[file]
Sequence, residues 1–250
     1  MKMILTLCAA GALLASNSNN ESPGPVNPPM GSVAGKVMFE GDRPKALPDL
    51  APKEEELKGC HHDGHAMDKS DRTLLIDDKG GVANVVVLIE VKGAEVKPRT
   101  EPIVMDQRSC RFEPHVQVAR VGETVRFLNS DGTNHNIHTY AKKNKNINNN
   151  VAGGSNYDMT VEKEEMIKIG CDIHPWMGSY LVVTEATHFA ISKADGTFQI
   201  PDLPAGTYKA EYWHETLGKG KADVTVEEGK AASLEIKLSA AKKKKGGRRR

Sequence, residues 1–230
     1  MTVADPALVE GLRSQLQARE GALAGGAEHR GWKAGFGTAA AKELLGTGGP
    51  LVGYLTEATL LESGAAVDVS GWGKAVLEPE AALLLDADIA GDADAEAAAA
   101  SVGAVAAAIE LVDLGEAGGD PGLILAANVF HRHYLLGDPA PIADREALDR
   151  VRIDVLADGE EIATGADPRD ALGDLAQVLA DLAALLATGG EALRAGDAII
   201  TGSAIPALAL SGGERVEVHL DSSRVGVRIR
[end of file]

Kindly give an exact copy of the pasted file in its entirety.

Sequence, residues 1–250
     1  MKMILTLCAA GALLASNSNN ESPGPVNPPM GSVAGKVMFE GDRPKALPDL
    51  APKEEELKGC HHDGHAMDKS DRTLLIDDKG GVANVVVLIE VKGAEVKPRT
   101  EPIVMDQRSC RFEPHVQVAR VGETVRFLNS DGTNHNIHTY AKKNKNINNN
   151  VAGGSNYDMT VEKEEMIKIG CDIHPWMGSY LVVTEATHFA ISKADGTFQI
   201  PDLPAGTYKA EYWHETLGKG KADVTVEEGK AASLEIKLSA AKKKKGGRRR

Sequence, residues 1–230
     1  MTVADPALVE GLRSQLQARE GALAGGAEHR GWKAGFGTAA AKELLGTGGP
    51  LVGYLTEATL LESGAAVDVS GWGKAVLEPE AALLLDADIA GDADAEAAAA
   101  SVGAVAAAIE LVDLGEAGGD PGLILAANVF HRHYLLGDPA PIADREALDR
   151  VRIDVLADGE EIATGADPRD ALGDLAQVLA DLAALLATGG EALRAGDAII
   201  TGSAIPALAL SGGERVEVHL DSSRVGVRIR